Quotations about   confirmation bias

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And therefore it was a good answer that was made by one who, when they showed him hanging in a temple a picture of those who had paid their vows as having escaped shipwreck, and would have him say whether he did not now acknowledge the power of the gods — “Aye,” asked he again, “but where are they painted that were drowned after their vows?” And such is the way of all superstition, whether in astrology, dreams, omens, divine judgments, or the like; wherein men, having a delight in such vanities, mark the events where they are fulfilled, but where they fail, though this happen much oftener, neglect and pass them by.

Francis Bacon (1561-1626) English philosopher, scientist, author, statesman
Novum Organum, Book 1, Aphorism 46 (1620)
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Added on 7-Jul-16 | Last updated 7-Jul-16
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If you torture the data long enough, Nature will confess.
Coase - torture the data - wist_info quote

Ronald Coase (1910-2013) British economist, academic, author
(Attributed)

Criticizing econometricians. Cited as early as 1977. Variants:
  • "If you torture data long enough, it will confess to anything you'd like."
  • "If you torture the data long enough, it will confess to anything."
Added on 25-Apr-16 | Last updated 25-Apr-16
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It was not the absence of intelligence which led us into trouble but our unwillingness to draw unpleasant conclusions from it.

H. A. de Weerd (1902-1979) American military historian, author [Harvey Arthur de Weerd]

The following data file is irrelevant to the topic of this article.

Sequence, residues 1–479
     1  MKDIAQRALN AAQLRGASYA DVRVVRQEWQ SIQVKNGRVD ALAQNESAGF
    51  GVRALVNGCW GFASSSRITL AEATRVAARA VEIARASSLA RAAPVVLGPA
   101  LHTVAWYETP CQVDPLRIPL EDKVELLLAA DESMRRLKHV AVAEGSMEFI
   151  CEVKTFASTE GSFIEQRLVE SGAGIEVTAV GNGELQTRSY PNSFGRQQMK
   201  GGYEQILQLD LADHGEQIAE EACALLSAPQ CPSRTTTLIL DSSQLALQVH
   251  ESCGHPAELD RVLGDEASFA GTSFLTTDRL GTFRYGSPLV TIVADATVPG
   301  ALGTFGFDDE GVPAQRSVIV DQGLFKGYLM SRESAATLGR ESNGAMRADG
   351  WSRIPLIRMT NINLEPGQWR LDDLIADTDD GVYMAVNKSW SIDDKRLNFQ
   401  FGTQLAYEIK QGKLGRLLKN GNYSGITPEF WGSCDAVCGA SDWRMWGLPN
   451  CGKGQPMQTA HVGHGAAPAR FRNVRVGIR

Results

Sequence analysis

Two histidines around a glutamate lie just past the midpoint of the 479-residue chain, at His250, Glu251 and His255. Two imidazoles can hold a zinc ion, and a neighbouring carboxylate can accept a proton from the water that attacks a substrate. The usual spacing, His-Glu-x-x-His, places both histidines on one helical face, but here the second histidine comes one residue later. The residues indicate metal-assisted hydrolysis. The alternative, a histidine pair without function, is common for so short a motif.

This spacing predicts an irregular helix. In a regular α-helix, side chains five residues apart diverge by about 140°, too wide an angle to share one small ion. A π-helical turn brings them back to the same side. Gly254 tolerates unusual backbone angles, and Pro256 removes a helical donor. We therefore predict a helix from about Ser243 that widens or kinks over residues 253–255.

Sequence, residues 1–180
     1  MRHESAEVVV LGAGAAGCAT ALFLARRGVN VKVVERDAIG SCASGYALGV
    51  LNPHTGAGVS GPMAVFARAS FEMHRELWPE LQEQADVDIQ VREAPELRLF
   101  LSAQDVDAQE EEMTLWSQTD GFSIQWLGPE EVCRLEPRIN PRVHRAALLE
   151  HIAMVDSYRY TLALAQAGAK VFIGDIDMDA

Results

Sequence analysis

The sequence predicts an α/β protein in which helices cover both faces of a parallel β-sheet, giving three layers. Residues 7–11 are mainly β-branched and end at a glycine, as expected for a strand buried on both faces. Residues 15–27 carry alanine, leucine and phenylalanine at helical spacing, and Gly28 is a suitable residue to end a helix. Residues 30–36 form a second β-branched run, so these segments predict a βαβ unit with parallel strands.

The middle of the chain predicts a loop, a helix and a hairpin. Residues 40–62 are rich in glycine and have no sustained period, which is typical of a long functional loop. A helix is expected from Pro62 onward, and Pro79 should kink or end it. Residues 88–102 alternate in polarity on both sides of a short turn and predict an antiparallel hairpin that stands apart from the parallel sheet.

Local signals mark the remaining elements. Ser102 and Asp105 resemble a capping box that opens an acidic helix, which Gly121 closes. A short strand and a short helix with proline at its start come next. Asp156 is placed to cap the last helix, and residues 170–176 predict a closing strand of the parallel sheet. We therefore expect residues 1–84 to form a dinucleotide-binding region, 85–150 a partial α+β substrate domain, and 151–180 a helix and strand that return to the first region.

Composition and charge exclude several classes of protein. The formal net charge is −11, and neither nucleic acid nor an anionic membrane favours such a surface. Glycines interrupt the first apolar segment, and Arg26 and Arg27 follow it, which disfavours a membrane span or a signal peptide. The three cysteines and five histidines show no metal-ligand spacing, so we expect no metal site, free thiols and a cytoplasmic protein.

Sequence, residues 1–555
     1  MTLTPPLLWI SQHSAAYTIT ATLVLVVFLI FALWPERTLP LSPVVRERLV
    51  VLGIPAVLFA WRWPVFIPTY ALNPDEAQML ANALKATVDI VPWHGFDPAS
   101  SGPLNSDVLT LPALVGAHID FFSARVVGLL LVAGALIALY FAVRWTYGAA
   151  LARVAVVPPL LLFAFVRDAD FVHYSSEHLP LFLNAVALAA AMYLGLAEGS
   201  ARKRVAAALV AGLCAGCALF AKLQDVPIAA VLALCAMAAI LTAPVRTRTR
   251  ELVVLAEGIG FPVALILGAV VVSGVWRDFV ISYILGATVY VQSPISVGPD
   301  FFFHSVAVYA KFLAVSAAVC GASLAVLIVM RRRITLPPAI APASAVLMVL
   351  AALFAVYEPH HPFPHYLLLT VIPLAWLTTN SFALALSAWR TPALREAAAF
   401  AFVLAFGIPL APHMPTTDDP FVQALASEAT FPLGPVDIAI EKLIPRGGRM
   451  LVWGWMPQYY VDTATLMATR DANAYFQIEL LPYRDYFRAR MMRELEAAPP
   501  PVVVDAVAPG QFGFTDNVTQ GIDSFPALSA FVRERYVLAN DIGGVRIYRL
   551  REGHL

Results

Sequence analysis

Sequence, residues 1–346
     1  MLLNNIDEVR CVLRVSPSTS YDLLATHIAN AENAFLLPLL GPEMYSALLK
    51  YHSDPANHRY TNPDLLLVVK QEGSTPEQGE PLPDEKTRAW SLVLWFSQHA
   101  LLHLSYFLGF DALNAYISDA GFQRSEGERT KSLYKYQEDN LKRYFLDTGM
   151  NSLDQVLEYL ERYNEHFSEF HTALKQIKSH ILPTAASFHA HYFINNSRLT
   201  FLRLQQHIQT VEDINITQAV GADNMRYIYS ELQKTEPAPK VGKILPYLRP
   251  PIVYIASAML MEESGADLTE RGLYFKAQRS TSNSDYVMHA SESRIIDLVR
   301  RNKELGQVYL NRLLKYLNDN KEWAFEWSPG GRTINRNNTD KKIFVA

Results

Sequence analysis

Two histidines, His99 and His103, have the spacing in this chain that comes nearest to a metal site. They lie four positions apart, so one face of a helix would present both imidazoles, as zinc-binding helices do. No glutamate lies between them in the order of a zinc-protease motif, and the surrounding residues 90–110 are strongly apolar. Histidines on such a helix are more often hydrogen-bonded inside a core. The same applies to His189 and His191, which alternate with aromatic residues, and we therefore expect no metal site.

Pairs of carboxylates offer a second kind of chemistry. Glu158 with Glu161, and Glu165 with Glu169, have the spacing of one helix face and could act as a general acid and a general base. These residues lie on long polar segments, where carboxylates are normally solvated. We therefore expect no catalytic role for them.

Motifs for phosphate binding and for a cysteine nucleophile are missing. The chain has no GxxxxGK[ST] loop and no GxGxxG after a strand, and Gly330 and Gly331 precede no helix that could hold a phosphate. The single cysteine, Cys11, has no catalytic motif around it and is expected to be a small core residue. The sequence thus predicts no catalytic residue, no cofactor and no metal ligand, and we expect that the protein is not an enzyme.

“Strategic Surprise in the Korean War,” Orbis (1962)

On the US decision in 1950 to call China's bluff by advancing above the 38th parallel.
Added on 24-Feb-16 | Last updated 24-Feb-16
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But the problem with any ideology is that it gives the answer before you look at the evidence. So you have to mold the evidence to get the answer that you’ve already decided you’ve got to have. It doesn’t work that way.

Clinton - ideology - wist_info quote

William Jefferson "Bill" Clinton (b. 1946) American politician, US President (1993-2001)
Interview, The Daily Show with Jon Stewart (20 Sep 2012)
Added on 17-Feb-16 | Last updated 17-Feb-16
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Nearly always, the best deception trades on the enemy’s own preconceptions. If he already believes what you want him to believe, you have merely to confirm his own ideas rather than to undertake the more difficult task of inserting new ones into his mind.

Ronald Lewin (1914-1984) British military historian, radio producer publishing editor
Ultra Goes to War, ch. 10 (1978)
Added on 11-Aug-15 | Last updated 11-Aug-15
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Everyone is prejudiced in favor his own powers of discernment, and will always find an argument most convincing if it leads to the conclusion he has reached for himself; everyone must then be given something he can grasp and recognize as his own idea.